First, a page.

# Chapter 5 Data Encoding Review Information Numeric Data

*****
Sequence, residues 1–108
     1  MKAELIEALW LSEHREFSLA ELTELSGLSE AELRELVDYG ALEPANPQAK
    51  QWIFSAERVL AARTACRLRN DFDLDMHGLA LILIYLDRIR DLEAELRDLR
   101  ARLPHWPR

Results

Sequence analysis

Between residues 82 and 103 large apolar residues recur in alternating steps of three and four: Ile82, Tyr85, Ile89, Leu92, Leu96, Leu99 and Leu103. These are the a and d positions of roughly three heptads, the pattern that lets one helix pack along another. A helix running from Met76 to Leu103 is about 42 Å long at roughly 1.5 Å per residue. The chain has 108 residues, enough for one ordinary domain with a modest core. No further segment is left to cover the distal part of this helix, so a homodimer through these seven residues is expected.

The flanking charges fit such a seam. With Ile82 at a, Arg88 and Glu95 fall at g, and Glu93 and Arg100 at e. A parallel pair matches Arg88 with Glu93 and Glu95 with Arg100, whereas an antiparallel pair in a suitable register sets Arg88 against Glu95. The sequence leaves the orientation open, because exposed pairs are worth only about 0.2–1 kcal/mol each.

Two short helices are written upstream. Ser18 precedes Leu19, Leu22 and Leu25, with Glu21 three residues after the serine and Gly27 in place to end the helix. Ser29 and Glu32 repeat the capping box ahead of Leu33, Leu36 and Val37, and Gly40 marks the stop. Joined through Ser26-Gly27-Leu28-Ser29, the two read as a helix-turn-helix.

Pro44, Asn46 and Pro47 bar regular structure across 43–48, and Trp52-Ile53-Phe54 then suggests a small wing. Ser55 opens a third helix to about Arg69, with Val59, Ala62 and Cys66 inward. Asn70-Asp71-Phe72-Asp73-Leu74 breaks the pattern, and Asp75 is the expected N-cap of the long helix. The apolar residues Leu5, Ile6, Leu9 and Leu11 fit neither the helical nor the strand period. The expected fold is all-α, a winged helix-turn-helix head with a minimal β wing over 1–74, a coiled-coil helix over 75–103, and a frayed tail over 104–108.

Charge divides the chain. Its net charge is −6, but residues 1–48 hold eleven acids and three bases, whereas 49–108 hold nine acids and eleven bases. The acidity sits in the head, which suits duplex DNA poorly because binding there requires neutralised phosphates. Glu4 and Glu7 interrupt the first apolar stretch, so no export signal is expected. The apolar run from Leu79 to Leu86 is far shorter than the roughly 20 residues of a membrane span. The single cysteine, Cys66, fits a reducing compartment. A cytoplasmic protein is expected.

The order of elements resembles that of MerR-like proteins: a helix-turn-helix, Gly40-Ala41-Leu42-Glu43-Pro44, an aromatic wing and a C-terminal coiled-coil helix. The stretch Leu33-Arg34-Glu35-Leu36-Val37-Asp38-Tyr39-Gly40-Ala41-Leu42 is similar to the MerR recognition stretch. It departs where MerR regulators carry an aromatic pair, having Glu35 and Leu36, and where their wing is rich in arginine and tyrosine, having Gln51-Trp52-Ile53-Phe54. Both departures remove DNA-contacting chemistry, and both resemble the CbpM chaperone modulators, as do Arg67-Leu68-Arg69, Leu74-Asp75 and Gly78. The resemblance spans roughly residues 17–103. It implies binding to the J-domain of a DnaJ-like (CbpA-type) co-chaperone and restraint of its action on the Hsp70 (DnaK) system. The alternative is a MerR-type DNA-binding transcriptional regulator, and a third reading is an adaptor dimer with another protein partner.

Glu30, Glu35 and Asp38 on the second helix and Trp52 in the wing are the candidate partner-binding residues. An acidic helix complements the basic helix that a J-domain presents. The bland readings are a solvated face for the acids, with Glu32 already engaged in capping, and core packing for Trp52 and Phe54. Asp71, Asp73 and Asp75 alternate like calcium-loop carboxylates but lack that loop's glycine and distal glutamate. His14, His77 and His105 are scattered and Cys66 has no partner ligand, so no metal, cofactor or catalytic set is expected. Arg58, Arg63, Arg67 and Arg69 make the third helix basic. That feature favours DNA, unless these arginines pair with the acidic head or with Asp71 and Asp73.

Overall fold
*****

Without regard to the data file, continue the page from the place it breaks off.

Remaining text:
• Slides: 98 Chapter 5 Data Encoding Review Information: Numeric Data, characters, voice, pictures, codes or any massage that can be read by and has meaning to human and machine. Review • For transmission: – Information must be converted into binary first. • ASCII table • Unicode – Information must be encoded into electromagnetic signals. (Analog or digital) Review • Digital Signal: – A digital signal is a sequence of discrete discontinuous voltage pulses. • Each pulse is a signal element • In its simplest form each signal element represents a binary 0 or 1. Data Encoding Both analog and digital information can be encoded as either analog or digital. (Function of media and communication ) • Digital data, digital signal • Digital data, analog signal • Analog data, digital signal • Analog data, analog signal Terminology (digital signal) • Unipolar encoding: If the signal elements all have the same algebraic signs, all positive or all negative, the signal is called unipolar. • Polar encoding: One logical state is represented by positive voltage and the other by the negative voltage level. Terminology (digital signal) • Data rate: The rate in bits per second that the data is transmitted. (R) • Bit duration: The amount of time for one bit transmission (1/R) • Modulation rate: The rate at which the signal level is changed. (baud rate, signal levels per second) Terminology • Encoding scheme: The mapping from data bits to signal elements • Spectrum: The spectrum of a signal is the range of frequencies that it contains. • Absolute bandwidth: The width of the spectrum • Effective bandwidth: The are of the bandwidth where most of the energy of the signal is concentrated. Terminology • DC (direct current)component: A component of a signal with the frequency of zero. • Example – S(t)=1+(4/ )sin(2 ft) + …. Evaluation of Various Encoding Techniques (affecting factors) • Signal spectrum: – Lack of high frequency components means less bandwidth required for transmission – DC component: It is desirable to have no DC component. (easier implementation) • Clocking: The beginning and end of each bit position must be determined. – Providing separate clocking information. – Implementation of some other ways of synchronization Evaluation of Various Encoding Techniques (affecting factors) • Error detection: – To detect errors more quickly, some error detection techniques must be built into signaling encoding methods. • Signal interference and noise immunity: – Some signal encoding techniques provide better error rate (BER) than others • Cost and complexity Data Encoding Digital data, analog signal • A modem converts digital data to analog data – Amplitude –shift keying (ASK) – Frequency –shift keying (FSK) – Phase –shift keying (PSK) Data Encoding Analog data, Digital signals • Pulse code modulation (PCM) – Samples analog data periodically – Quantizing (limiting the possible values to discrete set of values) the samples Data Encoding Digital data, digital signal • Simplest form of digital encoding – Two voltage level required – It can be enhanced to improve performance. Digital–to-Digital Encoding Schemes • Unipolar – Uses only one level of voltage (almost obsolete) • Polar – Uses two level of voltage • Bipolar – Uses theree level of voltage Unipolar Encoding • Presence and absence of a voltage level is used for two binary digits. • The absence of voltage could represent zero. • A constant positive voltage could represent 1. Unipolar Amplitude 0 1 0 0 0 Time Unipolar Encoding Issues • Synchronization: A major issue: – Example: For a bit rate of 1000 bps, the receiving device must measure each bit for 0. 005 s. • DC Component: • The average amplitude of a unipolar encoded signal is not zero. – This creates a DC component ( a component with zero frequency). – DC component can not travel through some media that can not handle DC component Polar Encoding Polar encoding uses tow voltage levels (positive and negative) Polar NRZ-L RZ NRZ-I Biphase Manchester Differential Manchester Variation of Nonreturn to Zero (NRZ) NRZ-L, Nonreturn to Zero-level (polar) • The level of the signal depends on the type of the bit it represents (a positive voltage usually represents bit 0 and negative voltage represents the bit 1 (or vice versa) – The problem exist when receiver needs to interpret long streams of 1 or zero. Or NRZ-I (Nonreturn to Zero Invert on ones) Nonreturn to Zero-Level Amplitude 0 1 0 0 1 1 1 Time 0 Variation of Nonreturn to Zero (NRZ) NRZ-I (Nonreturn to Zero Invert on ones) • An inversion of voltage level represents a 1 bit. • The transition between a positive and negative voltage represents a 1 not the voltage level itself. • A 0 is represented by no change • Still a string of zeros is a problem. Nonreturn to Zero, invert on ones Amplitude 0 1 0 0 0 1 1 1 0 Time Nonreturn to Zero-Level Nonreturn to Zero, invert on ones Amplitude 0 1 0 0 1 1 Time 0 1 1 1 0 Return to Zero • One solution to synchronization issue of NRZ-L and NRZ-I is using RZ (Return to Zero) encoding schemes. – It uses three values: positive, negative and zero. – In RZ, the signal changes during each bit. – A 1 bit is represented by positive-to zero and a 0 bit by negative-to-zero. Return to Zero It requires two signal changes to encode one bit. (uses more bandwidth) 0 1 0 0 1 1 1 Time These transitions can be used for synchronization NRZ pros and cons • Pros – Easy to engineer – Make good use of bandwidth • Cons – dc component – Lack of synchronization capability • Used for magnetic recording • Not often used for signal transmission Polar NRZ-L RZ NRZ-I Biphase Manchester Differential Manchester Biphase Encoding • The most popular encoding to deal with the synchronization problem. • The signal changes at the middle of the bit interval and continues to the opposite pole (dose not return to zero). • Types of biphase encoding: – Manchester – Differential Manchester Biphase Encoding • Manchester Encoding: – The inversion at the middle of each bit is used for both synchronization and bit representation • i. e. Transition serves as clock and data – Low to high represents one – High to low represents zero – Used by IEEE 802. 3 Manchester Encoding Differential Encoding • Data represented by changes rather than levels • More reliable detection of transition rather than level • In complex transmission layouts it is easy to lose sense of polarity Biphase Encoding • Differential Manchester: – Transition at the middle of bit interval is used for clocking only. – Transition at the start of a bit period represents zero. – No transition at start of a bit period represents one. – Note: this is a differential encoding scheme – Used by IEEE 802. 5. Differential Manchester Encoding Presence of transition at the beginning of the bit interval represents zero. Absence of transition at the beginning of the bit interval represents one. Biphase Pros and Cons • Con – At least one transition per bit time and possibly two – Maximum modulation rate is twice NRZ – Requires more bandwidth • Pros – Synchronization on mid bit transition (self clocking) – No dc component – Error detection • Absence of expected transition Multilevel Binary Use more than two levels • Bipolar-AMI (Alternate mark inversion) • Pseudoternary (variation of Bipolar. AMI) Bipolar Encoding • Uses there voltage levels – Positive, negative, and zero • Zero level represents binary 0 • One’s are represented by alternating positive and negative voltages Types of Bipolar Encoding • Bipolar Alternate Mark Inversion (AMI) – Bipolar 8 -zero substitution (B 8 ZS) – High density bipolar 3 (HDB 3) Types of Bipolar Encoding Bipolar Alternate Mark Inversion (AMI) • • • Mark comes from telegraphy (meaning 1) Zero voltage represents zero Binary 1’s are represented by alternating positive and negative voltages Bipolar Alternate mark inversion (AMI) Bipolar-AMI and Pseudoternary Types of Bipolar Encoding • Pros: – – DC component is zero A long sequence of 1’s is always synchronized. Lower bandwidth Easy error detection • Cons – No mechanism for synchronization of long string of zeros Variation of AMI • • Bipolar 8 -zero substitution (B 8 ZS) (implemented in US) High Density bipolar 3 (HDB 3) (implemented in Europe) – In both methods the original pattern is modified in the case of multiple consecutive zeros. Bipolar 8 -zero substitution (B 8 ZS) • It works similar to BMI • Whenever 8 or more consecutive zeros occurs, signal level is forced to change. Pseudoternary • One represented by absence of line signal • Zero represented by alternating positive and negative • No advantage or disadvantage over bipolar-AMI Trade Off for Multilevel Binary • Not as efficient as NRZ – Each signal element only represents one bit – In a 3 level system could represent log 23 = 1. 58 bits – Receiver must distinguish between three levels (+A, -A, 0) – Requires approx. 3 d. B more signal power for same probability of bit error Scrambling • Use scrambling to replace sequences that would produce constant voltage • Filling sequence – – Must produce enough transitions to sync Must be recognized by receiver and replace with original – Same length as original • • No dc component No long sequences of zero level line signal No reduction in data rate Error detection capability B 8 ZS • Bipolar With 8 Zeros Substitution • Based on bipolar-AMI • If octet of all zeros and last voltage pulse preceding was positive encode as 000+-0 -+ • If octet of all zeros and last voltage pulse preceding was negative encode as 000 -+0+ • Causes two violations of AMI code • Unlikely to occur as a result of noise • Receiver detects and interprets as octet of all zeros HDB 3 • • • High Density Bipolar 3 Zeros Based on bipolar-AMI String of four zeros replaced with one or two pulses B 8 ZS and HDB 3 Digital Data, Analog Signal • Public telephone system – 300 Hz to 3400 Hz – Use modem (modulator-demodulator) • • • Amplitude shift keying (ASK) Frequency shift keying (FSK) Phase shift keying (PK) Digital to Analog Encoding  Amplitude Shift Keying • Values represented by different amplitudes of carrier • Usually, one amplitude is zero – i. e. presence and absence of carrier is used • • Susceptible to sudden gain changes Inefficient Up to 1200 bps on voice grade lines Used over optical fiber Modulation Techniques (ASK) Binary 1 Binary 0   Frequency Shift Keying • Values represented by different frequencies (near carrier) • Less susceptible to error than ASK • Up to 1200 bps on voice grade lines • High frequency radio • Even higher frequency on LANs using co-ax Modulation Techniques (ASK) Binary 1 Binary 0 f 1 and f 2 are offset from fc by equal but opposite amount FSK on Voice Grade Line FSK Modulation Techniques(FSK) Phase Shift Keying • Phase of carrier signal is shifted to represent data • Differential PSK – Phase shifted relative to previous transmission rather than some reference signal Modulation Techniques (PSK) (Differential PSK) Binary 1 Binary 0 The phase shift is is in reference to previous bit transmitted Rather than to some constant reference signal. PSK PSK Constellation Quadrature PSK • More efficient use by each signal element representing more than one bit – e. g. shifts of /2 (90 o) – Each element represents two bits – Can use 8 phase angles and have more than one amplitude – 9600 bps modem use 12 angles , four of which have two amplitudes Modulation Techniques (PSK) (Differential QPSK) Binary 11 Binary 10 Binary 01 4 -PSK 4 -PSK Constellation 8 -QAM Signal 8 -PSK Constellation Have a great day. See you on Friday. PSK Bandwidth 4 -QAM and 8 -QAM Constellation  Bandwidth for FSK 16 -QAM Constellation Bit Rate and Baud Rate Bit Rate and Baud Rate Modulation Techniques(FSK) Performance of Digital to Analog Modulation Schemes • Bandwidth – ASK and PSK bandwidth directly related to bit rate – FSK bandwidth related to data rate for lower frequencies, but to offset of modulated frequency from carrier at high frequencies – (See Stallings for math) • In the presence of noise, bit error rate of PSK and QPSK are about 3 d. B superior to ASK and FSK Analog Data, Digital Signal • Digitization – – – – Conversion of analog data into digital data Digital data can then be transmitted using NRZ-L Digital data can then be transmitted using code other than NRZ-L Digital data can then be converted to analog signal Analog to digital conversion done using a codec Pulse code modulation Delta modulation Pulse Code Modulation(PCM) (1) • If a signal is sampled at regular intervals at a rate higher than twice the highest signal frequency, the samples contain all the information of the original signal – (Proof - Stallings appendix 4 A) • • • Voice data limited to below 4000 Hz Require 8000 sample per second Analog samples (Pulse Amplitude Modulation, PAM) • Each sample assigned digital value Pulse Code Modulation(PCM) (2) • 4 bit system gives 16 levels • Quantized – Quantizing error or noise – Approximations mean it is impossible to recover original exactly • • • 8 bit sample gives 256 levels Quality comparable with analog transmission 8000 samples per second of 8 bits each gives 64 kbps Nonlinear Encoding • • • Quantization levels not evenly spaced Reduces overall signal distortion Can also be done by companding Delta Modulation • Analog input is approximated by a staircase function • Move up or down one level ( ) at each sample interval • Binary behavior – Function moves up or down at each sample interval Delta Modulation - example Delta Modulation - Operation Delta Modulation - Performance • Good voice reproduction – PCM - 128 levels (7 bit) – Voice bandwidth 4 khz – Should be 8000 x 7 = 56 kbps for PCM • Data compression can improve on this – e. g. Interframe coding techniques for video Analog Data, Analog Signals • Why modulate analog signals? – Higher frequency can give more efficient transmission – Permits frequency division multiplexing (chapter 8) • Types of modulation – Amplitude – Frequency – Phase Analog Modulation Spread Spectrum • • • Analog or digital data Analog signal Spread data over wide bandwidth Makes jamming and interception harder Frequency hoping – Signal broadcast over seemingly random series of frequencies • Direct Sequence – Each bit is represented by multiple bits in transmitted signal – Chipping code Required Reading • Stallings chapter 5 Review Atmospheric and Extraterrestrial Noise –Lightning: It is a major source of noise, caused by the static discharge of thunderclouds. • Several million volts • Currents exceeding 20, 000 amps. –Solar Noise: Ionized gases of the sun produces a wide range of frequencies that penetrate the Earth’s atmosphere. –Cosmic Noise Radiation of noise by distant stars penetrating the Earth’s atmosphere. Long haul telecommunications service (1500 km support 20, 000 to 60, 000 voice channels) • An alternative to fiber optic and coaxial cable • Short point-to-point links between buildings (closed-circuit TV or data link)